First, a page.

DETROIT – Every January, Cobo Center, now in the final stages of a $279-million expansion and upgrade, is the scene of the North American International Auto Show.
The city is expecting more than 800,000 visitors to the downtown convention center for the public days of the auto show, which started on Saturday.
But the show had opened a week earlier to 5,000 or more news media analysts and industry executives and other representatives from 60 countries. I was among that group, courtesy of the Michigan Economic Development Corporation and the Detroit Regional Chamber.
And it became quite the glitzy affair, with an “auto show prom night” – real name Charity Preview gala — where attendees paid $400 a ticket to stroll between shiny cars with champagne in hand, decked out in evening gowns and tuxedos.
Truly, this was Detroit’s night to shine. I can tell you that many of the sleek models on display caught my eye, and I liked the cars, too.
But more impressive than the show itself is what I sensed was happening outside the Cobo Center, where I continued to pick up on this sense of pride and even defiance. The city has been down, no question about that, but it was far from out.
And if you were to go downtown, you very well might be surprised. I know I was, as there is an economic vitality that I think many cities would envy.
And so in the wake of bankruptcy, now over and now viewed as the right thing to do by most, there is recognition that big problems remain – restoring city services, removing blight, and fixing broken public schools top the list — but there is a widespread belief that things are getting better.
And I witnessed concrete evidence to show that it is so. This was my second trip to Detroit in 18 months, and I saw things that I hadn’t seen on my first trip.
A Neighborhood in the Making
The blockbuster is the future Red Wings stadium district, a $650 million project now under construction. I say “district” because that is what is planned — a 45-block neighborhood with residential, retail and offices in addition to a big red bowl that will be Red Wings Stadium.
Just under $300 million will come from public monies, with the rest from the family-owned Ilitch Holdings, owner of the Red Wings. This project has all the makings of a game changer.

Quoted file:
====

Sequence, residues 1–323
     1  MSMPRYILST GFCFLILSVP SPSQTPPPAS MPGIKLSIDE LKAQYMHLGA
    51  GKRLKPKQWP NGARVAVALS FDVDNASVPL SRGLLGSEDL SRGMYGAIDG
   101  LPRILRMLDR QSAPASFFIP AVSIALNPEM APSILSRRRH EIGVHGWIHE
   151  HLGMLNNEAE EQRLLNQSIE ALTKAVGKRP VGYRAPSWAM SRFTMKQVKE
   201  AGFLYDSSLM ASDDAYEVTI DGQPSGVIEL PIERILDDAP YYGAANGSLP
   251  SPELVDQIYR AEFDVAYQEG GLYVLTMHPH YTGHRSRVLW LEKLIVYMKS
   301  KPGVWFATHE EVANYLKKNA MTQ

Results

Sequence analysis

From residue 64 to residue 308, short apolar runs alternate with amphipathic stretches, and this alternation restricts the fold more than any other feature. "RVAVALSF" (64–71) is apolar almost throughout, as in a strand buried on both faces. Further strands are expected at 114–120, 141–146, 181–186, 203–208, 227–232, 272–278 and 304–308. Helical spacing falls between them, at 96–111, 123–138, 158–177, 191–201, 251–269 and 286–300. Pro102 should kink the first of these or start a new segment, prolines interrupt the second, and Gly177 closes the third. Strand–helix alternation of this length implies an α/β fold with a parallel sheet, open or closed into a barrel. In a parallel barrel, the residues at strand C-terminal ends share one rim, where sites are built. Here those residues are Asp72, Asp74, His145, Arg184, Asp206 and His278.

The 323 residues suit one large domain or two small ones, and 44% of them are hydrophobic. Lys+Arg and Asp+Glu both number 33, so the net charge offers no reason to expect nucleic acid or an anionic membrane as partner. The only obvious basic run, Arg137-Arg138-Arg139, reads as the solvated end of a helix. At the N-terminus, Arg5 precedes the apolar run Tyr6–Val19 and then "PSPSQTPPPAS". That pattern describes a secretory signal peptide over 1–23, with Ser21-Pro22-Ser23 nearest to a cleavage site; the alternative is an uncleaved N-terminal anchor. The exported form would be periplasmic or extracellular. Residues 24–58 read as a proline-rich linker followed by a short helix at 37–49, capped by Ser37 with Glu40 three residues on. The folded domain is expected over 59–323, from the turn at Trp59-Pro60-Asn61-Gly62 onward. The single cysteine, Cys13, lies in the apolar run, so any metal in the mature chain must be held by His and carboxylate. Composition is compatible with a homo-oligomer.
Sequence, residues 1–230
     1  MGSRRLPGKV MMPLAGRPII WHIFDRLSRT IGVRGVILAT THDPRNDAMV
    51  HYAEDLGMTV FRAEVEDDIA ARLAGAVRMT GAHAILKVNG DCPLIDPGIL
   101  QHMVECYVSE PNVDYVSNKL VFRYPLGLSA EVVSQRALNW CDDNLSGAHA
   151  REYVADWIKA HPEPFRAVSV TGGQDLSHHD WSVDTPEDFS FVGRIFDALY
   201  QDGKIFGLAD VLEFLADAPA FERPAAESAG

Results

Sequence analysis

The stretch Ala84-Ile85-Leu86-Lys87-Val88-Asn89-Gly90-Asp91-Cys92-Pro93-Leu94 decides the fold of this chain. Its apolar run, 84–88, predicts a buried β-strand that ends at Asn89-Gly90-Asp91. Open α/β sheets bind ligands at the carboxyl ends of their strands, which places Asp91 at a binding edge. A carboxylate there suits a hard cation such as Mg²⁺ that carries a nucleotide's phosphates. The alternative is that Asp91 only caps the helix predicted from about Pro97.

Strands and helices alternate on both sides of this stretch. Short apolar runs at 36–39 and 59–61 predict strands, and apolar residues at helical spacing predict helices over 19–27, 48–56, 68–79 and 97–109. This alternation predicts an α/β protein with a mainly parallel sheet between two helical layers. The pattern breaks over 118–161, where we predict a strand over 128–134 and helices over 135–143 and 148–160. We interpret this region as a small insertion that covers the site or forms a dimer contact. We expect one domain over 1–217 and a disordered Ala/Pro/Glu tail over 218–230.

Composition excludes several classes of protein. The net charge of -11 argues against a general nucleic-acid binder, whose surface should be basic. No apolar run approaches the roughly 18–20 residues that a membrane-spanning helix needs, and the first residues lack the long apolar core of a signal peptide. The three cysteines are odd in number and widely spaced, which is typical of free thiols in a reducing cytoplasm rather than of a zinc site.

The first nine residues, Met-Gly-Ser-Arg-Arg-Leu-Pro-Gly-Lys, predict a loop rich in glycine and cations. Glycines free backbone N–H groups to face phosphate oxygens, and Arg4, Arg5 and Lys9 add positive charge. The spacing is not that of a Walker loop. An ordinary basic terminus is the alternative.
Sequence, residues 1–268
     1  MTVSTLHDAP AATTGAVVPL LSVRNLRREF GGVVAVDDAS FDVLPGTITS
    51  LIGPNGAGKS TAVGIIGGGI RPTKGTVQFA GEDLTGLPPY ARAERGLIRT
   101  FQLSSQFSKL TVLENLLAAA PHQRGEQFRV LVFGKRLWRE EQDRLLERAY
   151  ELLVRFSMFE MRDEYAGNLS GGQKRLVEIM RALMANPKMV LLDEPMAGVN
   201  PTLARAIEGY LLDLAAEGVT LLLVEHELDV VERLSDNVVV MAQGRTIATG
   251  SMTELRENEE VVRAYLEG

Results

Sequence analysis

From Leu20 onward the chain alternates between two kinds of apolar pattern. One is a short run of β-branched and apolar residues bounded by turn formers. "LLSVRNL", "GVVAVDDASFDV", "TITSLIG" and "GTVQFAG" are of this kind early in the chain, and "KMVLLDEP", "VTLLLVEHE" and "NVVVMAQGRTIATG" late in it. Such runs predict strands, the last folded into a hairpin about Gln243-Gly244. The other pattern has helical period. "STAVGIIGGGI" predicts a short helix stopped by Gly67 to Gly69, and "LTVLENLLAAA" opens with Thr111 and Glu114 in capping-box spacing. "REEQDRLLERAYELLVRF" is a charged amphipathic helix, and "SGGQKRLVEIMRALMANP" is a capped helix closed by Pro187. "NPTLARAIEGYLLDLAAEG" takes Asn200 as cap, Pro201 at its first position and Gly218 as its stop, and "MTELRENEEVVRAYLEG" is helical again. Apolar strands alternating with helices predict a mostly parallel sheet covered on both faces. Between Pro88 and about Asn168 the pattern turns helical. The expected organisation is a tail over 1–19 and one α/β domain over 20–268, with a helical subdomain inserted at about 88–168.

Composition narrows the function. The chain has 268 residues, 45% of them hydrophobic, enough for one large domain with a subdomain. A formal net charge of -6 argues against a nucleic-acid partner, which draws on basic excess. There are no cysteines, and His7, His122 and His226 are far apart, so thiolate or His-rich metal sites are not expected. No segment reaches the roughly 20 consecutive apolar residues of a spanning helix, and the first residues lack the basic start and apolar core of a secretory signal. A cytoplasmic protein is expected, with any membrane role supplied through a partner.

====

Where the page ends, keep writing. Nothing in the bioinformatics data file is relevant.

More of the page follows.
Likewise, public/private partnership funding has resulted in the construction of the $140 million Woodward Avenue M-1 Rail streetcar project. The 3.3-mile light rail line will link downtown to the New Center area, a prominent commercial and residential historic district located uptown.
Woodward Avenue continues to be the economic spine of the city, where young professionals, mostly casually dressed, dominate. This is urban hipster territory.
If you want to find an apartment here, good luck. The residential occupancy rate in the downtown/Woodward Avenue corridor is at 98 percent.
Despite that, Dan Gilbert, the CEO and owner Quicken Loans, wants his mostly young workforce to live in close proximity to the financial empire and real estate holdings that he is building downtown.
Gilbert and other downtown employers are incentivizing employees to live downtown — $5,000 for apartment dwellers, $25,000 for home buyers.
Back in 2013, Gilbert’s downtown real estate holdings extended to more than 30 buildings. Today, they are more than 70.
I took a tour of several of the Quicken Loan operational centers downtown. They were mostly staffed by what I thought of were “kids,” albeit very bright kids. I left impressed but also feeling this was no country for old men.
Naturally, the same held true at the private College for Creative Studies in midtown Detroit, where 1,400 students are learning to be visual communicators, pursuing degrees in a plethora of product design and creative functions that would appeal to numerous industries.
Shinola Shines Here
One company that found Detroit and CCS in particular a draw was Shinola, which moved a large building with the college in 2013.
Originally called the Argonaut Building when it was built in 1928 for General Motors, it was renamed the A. Alfred Taubman Center for Design Education in 2009 soon after it was donated by carmaker to the school.
The building’s DNA is that of design and creativity, and for that reason alone, Shinola, a maker of luxury goods, must feel at home. The 760,000-square-foot building housed GM’s first automotive design studio under Harley Earl, and the world’s first concept car, the Buick Y-Job, was born here.